Friday, 6 November 2015

Boy denied or received insufficient treatment due to mom’s shorts?

I read with rage when I saw the headline that a two year old boy was denied treatment at two government clinics and a hospital because the pants his mother and aunty wore was too short. Fellow Malaysians read with rage too of such stupidity of the incident.

The boy who cut his finger last Saturday was rushed to the 1 Malaysia clinics in Saleng, Bandar Indahpura Kulai and the Kulai Hospital. However the boy didn’t get proper treatment from these three public health care institutions and were finally given treatment at a nearby private clinic. The boy’s father, Wong Xiang Lan was quoted as saying that: “My son was crying aloud at that time, so a nurse gave my wife a sarong and let her in.”

After reading the article, I thought for a while. Something is wrong. My earlier rage was not even necessary but like fellow Malaysians, the sensory image of the headline that crept in before the finer prints had left a damming few seconds of impressions to me. 

 There is a mismatch of information in the whole report, I said to myself. 

The mother of the child claimed she was denied entry because of her attire but was later admitted after donning a sarong. However, she left two hours later when her son was not given proper treatment.  Whether it is proper or improper treatment, the fact is that the boy was given treatment. It is actually hard to judge whether a treatment given is proper or improper, depending on the treatment given by a medical personnel and the interpretation of the person receiving the care. Hence, the headline is actually misleading. DENIED TREATMENT means the boy did not get any treatment but truth  should be IMPROPER TREATMENT.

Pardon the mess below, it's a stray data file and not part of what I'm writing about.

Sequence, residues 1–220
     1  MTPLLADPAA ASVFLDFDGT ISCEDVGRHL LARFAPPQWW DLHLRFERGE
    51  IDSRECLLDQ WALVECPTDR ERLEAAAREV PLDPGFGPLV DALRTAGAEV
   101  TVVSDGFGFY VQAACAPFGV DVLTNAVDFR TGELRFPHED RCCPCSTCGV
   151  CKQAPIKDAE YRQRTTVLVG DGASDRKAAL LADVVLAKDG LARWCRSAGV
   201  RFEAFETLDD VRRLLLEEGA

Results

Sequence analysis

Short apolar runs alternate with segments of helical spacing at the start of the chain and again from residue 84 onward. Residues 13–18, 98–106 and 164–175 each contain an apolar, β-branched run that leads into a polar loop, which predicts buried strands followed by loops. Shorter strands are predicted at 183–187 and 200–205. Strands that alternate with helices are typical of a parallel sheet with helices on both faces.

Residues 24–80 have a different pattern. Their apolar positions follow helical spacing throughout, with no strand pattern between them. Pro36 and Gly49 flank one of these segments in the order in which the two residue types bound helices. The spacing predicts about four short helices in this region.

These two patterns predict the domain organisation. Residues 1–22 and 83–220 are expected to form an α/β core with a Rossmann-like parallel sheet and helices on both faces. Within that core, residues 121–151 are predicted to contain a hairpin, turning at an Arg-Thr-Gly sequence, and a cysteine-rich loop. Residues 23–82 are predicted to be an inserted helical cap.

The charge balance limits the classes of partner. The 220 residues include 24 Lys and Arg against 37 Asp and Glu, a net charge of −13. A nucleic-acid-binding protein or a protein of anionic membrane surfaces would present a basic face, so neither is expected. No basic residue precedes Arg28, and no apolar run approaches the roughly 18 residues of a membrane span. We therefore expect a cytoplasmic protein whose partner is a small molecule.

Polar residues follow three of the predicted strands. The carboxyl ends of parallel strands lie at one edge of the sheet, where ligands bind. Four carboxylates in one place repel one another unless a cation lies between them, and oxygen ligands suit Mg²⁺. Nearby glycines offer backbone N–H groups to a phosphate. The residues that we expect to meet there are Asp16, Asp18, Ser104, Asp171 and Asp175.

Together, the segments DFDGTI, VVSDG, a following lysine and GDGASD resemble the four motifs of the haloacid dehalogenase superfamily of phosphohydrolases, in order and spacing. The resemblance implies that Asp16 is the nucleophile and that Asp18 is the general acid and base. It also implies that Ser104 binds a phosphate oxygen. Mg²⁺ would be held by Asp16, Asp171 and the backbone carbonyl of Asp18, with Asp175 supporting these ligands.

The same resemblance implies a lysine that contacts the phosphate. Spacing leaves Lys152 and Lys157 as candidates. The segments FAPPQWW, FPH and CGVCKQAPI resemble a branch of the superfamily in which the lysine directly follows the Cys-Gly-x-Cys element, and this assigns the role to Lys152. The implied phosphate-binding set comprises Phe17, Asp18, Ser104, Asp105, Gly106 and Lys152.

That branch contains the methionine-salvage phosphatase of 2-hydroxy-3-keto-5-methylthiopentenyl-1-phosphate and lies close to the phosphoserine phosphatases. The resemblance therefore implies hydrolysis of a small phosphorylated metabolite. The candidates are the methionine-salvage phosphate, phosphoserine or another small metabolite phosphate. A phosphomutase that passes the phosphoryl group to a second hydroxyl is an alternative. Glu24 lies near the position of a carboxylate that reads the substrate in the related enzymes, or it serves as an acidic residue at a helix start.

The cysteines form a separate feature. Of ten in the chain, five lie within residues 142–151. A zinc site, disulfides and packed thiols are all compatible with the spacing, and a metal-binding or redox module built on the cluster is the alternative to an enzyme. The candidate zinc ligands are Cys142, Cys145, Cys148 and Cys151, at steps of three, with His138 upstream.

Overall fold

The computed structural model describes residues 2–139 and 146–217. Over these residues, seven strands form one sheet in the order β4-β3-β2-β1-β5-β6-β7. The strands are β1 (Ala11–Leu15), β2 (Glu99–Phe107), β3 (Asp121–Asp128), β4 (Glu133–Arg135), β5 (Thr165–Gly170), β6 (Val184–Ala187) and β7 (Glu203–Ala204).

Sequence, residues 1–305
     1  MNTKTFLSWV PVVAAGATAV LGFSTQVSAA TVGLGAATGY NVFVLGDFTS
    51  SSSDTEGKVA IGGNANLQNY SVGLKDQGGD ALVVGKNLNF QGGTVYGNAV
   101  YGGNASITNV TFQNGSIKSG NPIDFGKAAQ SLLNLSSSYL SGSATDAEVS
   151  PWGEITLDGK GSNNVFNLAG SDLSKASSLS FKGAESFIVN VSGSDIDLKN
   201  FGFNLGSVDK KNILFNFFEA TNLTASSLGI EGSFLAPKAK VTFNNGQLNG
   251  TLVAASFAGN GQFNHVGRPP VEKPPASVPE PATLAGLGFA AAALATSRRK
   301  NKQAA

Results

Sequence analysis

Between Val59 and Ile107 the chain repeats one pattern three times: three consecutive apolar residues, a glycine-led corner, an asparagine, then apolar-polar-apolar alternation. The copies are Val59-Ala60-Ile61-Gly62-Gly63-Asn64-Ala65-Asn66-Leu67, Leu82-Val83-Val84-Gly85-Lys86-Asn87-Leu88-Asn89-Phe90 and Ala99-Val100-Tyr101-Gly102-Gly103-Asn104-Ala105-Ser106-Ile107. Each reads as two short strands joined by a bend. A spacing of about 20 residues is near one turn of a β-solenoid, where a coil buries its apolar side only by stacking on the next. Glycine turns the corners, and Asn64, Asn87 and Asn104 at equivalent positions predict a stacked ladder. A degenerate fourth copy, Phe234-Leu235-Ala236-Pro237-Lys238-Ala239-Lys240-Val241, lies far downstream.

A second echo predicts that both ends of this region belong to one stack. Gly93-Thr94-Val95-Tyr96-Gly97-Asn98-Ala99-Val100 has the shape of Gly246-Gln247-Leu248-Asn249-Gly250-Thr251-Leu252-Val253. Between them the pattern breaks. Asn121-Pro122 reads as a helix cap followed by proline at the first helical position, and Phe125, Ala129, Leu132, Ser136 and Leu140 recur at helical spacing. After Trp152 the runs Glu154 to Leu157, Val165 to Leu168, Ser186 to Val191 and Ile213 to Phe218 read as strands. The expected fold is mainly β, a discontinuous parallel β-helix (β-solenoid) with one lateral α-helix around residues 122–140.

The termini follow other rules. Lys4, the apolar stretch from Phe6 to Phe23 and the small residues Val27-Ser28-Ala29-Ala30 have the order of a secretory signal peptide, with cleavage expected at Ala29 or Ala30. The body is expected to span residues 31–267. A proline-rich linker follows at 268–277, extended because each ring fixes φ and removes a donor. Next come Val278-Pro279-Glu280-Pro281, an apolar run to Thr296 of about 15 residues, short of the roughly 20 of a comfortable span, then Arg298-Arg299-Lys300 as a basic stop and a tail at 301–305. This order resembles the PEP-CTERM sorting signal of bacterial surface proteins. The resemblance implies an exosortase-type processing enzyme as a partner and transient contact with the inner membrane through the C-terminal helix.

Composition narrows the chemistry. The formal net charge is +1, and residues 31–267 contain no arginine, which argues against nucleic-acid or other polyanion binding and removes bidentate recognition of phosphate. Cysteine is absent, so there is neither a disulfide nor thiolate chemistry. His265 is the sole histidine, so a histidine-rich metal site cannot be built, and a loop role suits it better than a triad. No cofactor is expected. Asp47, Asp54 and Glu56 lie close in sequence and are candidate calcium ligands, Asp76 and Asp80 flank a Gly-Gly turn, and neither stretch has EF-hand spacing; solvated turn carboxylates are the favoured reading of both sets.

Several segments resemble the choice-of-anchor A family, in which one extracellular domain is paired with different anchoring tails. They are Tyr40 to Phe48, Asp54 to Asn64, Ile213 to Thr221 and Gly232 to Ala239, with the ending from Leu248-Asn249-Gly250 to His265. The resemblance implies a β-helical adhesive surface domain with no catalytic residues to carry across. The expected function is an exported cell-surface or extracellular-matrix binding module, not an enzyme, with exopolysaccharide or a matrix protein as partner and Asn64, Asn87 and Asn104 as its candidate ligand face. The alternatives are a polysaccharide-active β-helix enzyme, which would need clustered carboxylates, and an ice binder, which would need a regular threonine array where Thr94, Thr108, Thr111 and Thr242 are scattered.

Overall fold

There is a big divide between DENIED and IMPROPER, and this is what that stir up the emotions of the readers. At time like this, we do not need the media to spin to headlines to create an even more distrust between the public and the government, and in this instance, it involved all government run institutions from the clinics to the police force and finally, zooming in on civil servants themselves.

On the other hand, dress codes should not be imposed in government clinics and hospitals for family members who bring in sick or injured patient. The duty of the medical personnel is to treat the patients and not to look at the legs or arms or even shoulders of those who accompanied the patient. When faced with a medical emergency, the first thing in the mind of everyone is where is the nearest hospital or clinic and to rush the person there or to be there. Having the right attire would not even make it to secondary thought or plainly, won't cross the mind at all. 

Thankfully that the incident involving the little boy did not develop into something more complicated, otherwise, who is to blame? The security guard following the “brainless” instruction from moral police up there or the mother who forget to don a proper attire before rushing her precious son to get medical treatment?

Minister Subramaniam and Minister Salleh Said Keruak, can you two please look into this matter? Small it may sound to you but underneath it reverberate two big issues about sensational journalism and public opinion about government institutions and its servants. 

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